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An Inspiring Starry Night

August 30, 2013

I’m delighted to welcome another guest to Birth of a Novel. Sydell Voeller has agreed to tell us how she came up with the idea for one of her novels, Star Light, Star Bright. But first, a little something about Sydell herself.  I think you’ll agree that she’s an interesting person.

Sydell VoellerSydell Voeller grew up in Washington State, but has lived in Oregon for over thirty years. Throughout her twenty-year writing career, her published novels for teens and adults have reflected her love for the Pacific Northwest’s ocean beaches, inlets and waterways, evergreen forests, and mountains. She resides in Oregon with her husband. They have two sons and, in addition, have provided a home for several cats, a dog, gerbils, hamsters, and a turtle–but not all at the same time!  When Sydell isn’t writing, she enjoys camping, walking, amateur astronomy, reading, and surfing the web.

Now let’s hear how she came to create Star Light, Star Bright.

It was a dark and stormy night—oh, wait a minute! I certainly didn’t want to throw “that” one on you!  How could I expect such a cliched beginning to hook your interest, right?

 Actually, it was a dark night, a very dark night, in the high desert of north central Oregon, over an hour’s drive from the nearest town.  My husband and I were attending the Rose City Astronomers yearly camp-out that August, and I’d purposed to complete my discovery of 100 Messier deep-sky objects with my giant binoculars.  The dark skies were almost mystical—nothing like our so-called dark skies in the western corridor of the state where city lights, streetlights, and neighboring porch lights “polluted” the backyard astronomer’s potential for viewing.

I looked up in awe. Ancient as well as younger stars twinkled like diamonds, sapphires, and rubies—an infinity of suns beyond our imagining.  The Milky Way, our home galaxy, was breathtaking with its stars massed together so tightly.  It indeed looked like a pathway of milk strewn across the heavens!  And high in the east, the Andromeda Nebula, our almost “mirror image” sister galaxy, was a fuzzy white orb against the inky blackness.  Here in the desert, I didn’t need to use my binoculars to view it as I did back on the west side of the state!  (As astronomers like to say, it was visible by the “naked” eye.)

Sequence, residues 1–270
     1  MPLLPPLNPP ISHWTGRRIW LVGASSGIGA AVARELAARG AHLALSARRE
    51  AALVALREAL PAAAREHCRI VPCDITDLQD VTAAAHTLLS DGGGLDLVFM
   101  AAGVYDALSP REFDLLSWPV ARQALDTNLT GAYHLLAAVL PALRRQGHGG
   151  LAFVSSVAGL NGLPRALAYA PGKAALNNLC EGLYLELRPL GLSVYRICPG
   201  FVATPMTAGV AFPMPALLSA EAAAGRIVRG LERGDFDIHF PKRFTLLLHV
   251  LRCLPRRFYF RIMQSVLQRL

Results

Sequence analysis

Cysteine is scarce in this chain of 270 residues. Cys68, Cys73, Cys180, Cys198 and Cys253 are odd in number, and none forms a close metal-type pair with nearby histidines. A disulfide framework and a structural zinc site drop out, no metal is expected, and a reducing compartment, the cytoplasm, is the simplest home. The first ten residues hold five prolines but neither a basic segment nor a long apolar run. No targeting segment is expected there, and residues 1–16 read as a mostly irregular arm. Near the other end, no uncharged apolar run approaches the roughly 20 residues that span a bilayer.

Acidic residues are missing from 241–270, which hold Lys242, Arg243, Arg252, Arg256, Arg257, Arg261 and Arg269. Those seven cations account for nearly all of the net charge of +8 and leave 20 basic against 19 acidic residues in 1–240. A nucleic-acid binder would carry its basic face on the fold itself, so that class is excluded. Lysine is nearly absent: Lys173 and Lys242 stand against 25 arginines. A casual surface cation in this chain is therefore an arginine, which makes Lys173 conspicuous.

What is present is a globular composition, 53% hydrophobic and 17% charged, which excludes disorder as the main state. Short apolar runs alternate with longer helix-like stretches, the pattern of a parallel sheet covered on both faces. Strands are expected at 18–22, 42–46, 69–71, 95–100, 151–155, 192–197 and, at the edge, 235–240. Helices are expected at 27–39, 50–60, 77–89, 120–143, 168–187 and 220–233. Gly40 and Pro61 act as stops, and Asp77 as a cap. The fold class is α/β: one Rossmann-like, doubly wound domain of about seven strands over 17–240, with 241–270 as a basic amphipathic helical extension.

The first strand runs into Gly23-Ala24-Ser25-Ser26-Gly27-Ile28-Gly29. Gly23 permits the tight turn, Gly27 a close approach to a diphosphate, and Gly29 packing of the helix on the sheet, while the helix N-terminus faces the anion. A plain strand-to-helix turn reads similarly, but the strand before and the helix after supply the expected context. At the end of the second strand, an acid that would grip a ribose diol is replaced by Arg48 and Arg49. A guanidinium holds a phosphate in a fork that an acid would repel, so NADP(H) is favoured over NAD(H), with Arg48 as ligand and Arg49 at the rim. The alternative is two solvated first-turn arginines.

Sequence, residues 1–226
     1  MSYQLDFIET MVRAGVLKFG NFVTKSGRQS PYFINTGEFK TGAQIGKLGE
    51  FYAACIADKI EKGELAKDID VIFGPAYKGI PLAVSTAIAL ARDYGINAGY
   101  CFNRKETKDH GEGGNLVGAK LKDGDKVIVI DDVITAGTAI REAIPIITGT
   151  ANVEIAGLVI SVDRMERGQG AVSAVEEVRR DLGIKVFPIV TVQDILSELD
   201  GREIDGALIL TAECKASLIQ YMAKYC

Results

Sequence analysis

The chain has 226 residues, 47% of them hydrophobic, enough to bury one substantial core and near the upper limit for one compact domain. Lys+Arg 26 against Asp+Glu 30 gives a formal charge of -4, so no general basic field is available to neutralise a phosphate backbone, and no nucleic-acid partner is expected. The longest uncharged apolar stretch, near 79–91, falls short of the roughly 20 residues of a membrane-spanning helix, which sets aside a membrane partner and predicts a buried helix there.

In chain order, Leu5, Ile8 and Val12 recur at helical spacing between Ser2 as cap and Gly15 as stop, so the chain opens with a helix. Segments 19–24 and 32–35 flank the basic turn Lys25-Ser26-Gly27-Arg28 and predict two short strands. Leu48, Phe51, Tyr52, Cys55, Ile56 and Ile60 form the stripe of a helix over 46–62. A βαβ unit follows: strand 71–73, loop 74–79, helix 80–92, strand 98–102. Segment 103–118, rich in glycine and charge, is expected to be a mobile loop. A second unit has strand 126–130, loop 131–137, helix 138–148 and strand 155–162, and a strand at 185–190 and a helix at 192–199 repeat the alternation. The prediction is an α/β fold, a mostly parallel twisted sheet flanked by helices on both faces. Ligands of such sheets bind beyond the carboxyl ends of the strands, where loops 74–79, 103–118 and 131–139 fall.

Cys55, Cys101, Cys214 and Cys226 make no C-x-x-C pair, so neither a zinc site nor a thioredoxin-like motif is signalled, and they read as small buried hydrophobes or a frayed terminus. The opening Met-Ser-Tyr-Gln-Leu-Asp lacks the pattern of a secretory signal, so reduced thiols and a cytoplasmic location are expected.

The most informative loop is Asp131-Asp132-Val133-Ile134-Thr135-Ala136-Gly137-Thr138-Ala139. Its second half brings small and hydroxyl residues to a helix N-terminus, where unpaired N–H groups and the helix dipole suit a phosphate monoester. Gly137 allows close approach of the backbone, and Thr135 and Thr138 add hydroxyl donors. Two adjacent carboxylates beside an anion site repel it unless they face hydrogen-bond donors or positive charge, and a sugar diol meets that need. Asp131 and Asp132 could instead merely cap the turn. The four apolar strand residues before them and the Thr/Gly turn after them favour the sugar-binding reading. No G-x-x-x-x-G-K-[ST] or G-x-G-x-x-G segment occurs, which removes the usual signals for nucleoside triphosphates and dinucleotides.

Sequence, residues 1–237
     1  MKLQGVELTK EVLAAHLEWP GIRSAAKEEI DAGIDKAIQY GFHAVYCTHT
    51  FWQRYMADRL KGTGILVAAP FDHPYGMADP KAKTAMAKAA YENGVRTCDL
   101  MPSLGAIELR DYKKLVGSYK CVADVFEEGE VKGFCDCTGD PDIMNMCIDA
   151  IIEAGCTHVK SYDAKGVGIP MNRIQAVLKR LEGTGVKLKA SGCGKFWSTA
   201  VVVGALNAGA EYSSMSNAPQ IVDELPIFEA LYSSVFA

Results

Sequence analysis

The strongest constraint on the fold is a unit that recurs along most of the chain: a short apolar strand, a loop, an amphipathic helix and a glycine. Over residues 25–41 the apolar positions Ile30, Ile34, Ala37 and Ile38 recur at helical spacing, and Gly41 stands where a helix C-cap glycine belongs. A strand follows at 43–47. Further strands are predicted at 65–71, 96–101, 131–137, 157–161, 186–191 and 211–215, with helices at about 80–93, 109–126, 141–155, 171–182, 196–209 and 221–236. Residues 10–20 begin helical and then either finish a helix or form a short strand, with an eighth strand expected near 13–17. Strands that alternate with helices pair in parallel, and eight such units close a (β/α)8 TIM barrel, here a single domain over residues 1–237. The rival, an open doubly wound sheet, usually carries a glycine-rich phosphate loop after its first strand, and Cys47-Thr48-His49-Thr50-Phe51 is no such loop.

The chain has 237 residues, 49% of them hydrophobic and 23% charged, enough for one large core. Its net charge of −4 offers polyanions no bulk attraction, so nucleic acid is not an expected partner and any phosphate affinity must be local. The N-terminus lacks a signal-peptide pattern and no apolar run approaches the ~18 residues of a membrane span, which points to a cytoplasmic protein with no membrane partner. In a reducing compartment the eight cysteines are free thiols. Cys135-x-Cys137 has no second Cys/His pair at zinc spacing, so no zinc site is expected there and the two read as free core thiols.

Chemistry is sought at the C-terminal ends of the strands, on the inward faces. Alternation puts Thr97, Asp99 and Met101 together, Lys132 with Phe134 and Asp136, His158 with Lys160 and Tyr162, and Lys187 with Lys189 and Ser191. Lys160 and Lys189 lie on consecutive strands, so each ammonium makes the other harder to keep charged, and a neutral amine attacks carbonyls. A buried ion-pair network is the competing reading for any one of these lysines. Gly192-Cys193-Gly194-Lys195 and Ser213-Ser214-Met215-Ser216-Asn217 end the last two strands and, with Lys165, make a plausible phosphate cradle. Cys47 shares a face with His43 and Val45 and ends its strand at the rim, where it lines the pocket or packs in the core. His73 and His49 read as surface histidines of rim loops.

By then we’d set up our trailer and lay back in our reclining lawn chairs, preparing to gaze at the early Perseid Meteor showers that had just started.  But unexpectedly my attention turned to a young woman and (presumably) her child—a little girl around 7 or so.   Not far from us, they were attempting to set up their own camp:  a tent not much larger than a pup tent.  The mother squatted awkwardly as she pounded her tent stakes into the rocky ground—no small feat in itself!  The girl stood by, watching and saying very little.  She was so solemn, for that matter, she never once looked up to admire the meteor showers that streaked across the heavens.  

My husband offered to help, but the mother politely refused.  Later, as I saw them haul their sleeping bags into their tent, I hoped and prayed the bags were suitable for sub-zero temperatures.  The high desert could get mighty cold at night, even in summertime. 

 Yet what struck me the most about this young woman was the desperation I sensed in her.  And her desperation intrigued me.  That started the wheels churning inside my head.  Hmm…an anxious young mother who appeared to be running away from something.  But from what?  What could be troubling her so that she was willing to drive tent stakes into the high desert rocky floor without even the aid of a flashlight?  (White light of any type is strictly off-limits at Star Parties.)  Further, her lack of a telescope or binoculars told me she most likely wasn’t a regular here, where amateur and professional astronomers swapped parts for their telescopes during the daytime and viewed and photographed the heavens at night.

So what indeed had driven this woman to the Star Party site?  A marriage-gone-bad, perhaps?  A life-threatening illness?   Career problems?  From there the rest of the “what ifs” continued, and I continued to ponder them the entire weekend.  The intrigue wouldn’t let go of me. 

After we finished our stint at the Star Party and returned home, I immediately started writing Star Light, Star Bright.   SYDELL - STAR LIGHTAnd so today, here it is.  I hope you enjoy reading this story as much as I enjoyed writing it!

If you would like to know more about Sydell Voeller, you can visit her website or her Amazon author page.  Links are below, along with a direct link to Star Light, Star Bright.

Buy link:  http://www.amazon.com/Star-Light-Bright-ebook/dp/B00A2NHFQC/ref=tmm_kin_title_0?_encoding=UTF8&sr=1-12&qid=1377130492

Sydell’s Amazon author’s page:  http://www.amazon.com/Sydell-Voeller/e/B001JRZ0DU/ref=ntt_athr_dp_pel_1

Sydell’s website:  www.sydellvoeller.com

Thank you, Sydell, for sharing your inspiration and your love of nature with us.

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3 Comments leave one →
  1. August 31, 2013 5:13 AM

    What an intriguing start! Tell us a bit more about your novel, Sydell.

  2. August 31, 2013 11:43 AM

    My heroine has just moved from the big city to start an upscale eatery in a small ranching community in central Oregon. The hero, a rancher, is opposed to newcomers that want to set down roots. That embodies the external conflict, of course, but the story is really more character driven…

  3. September 2, 2013 2:57 PM

    Sydell, I agree with Beate that your novel has an intriguing start. I love the way you took a small observation and used it as a jumping off point for a story. It gives such insight into the way a writer’s mind works.

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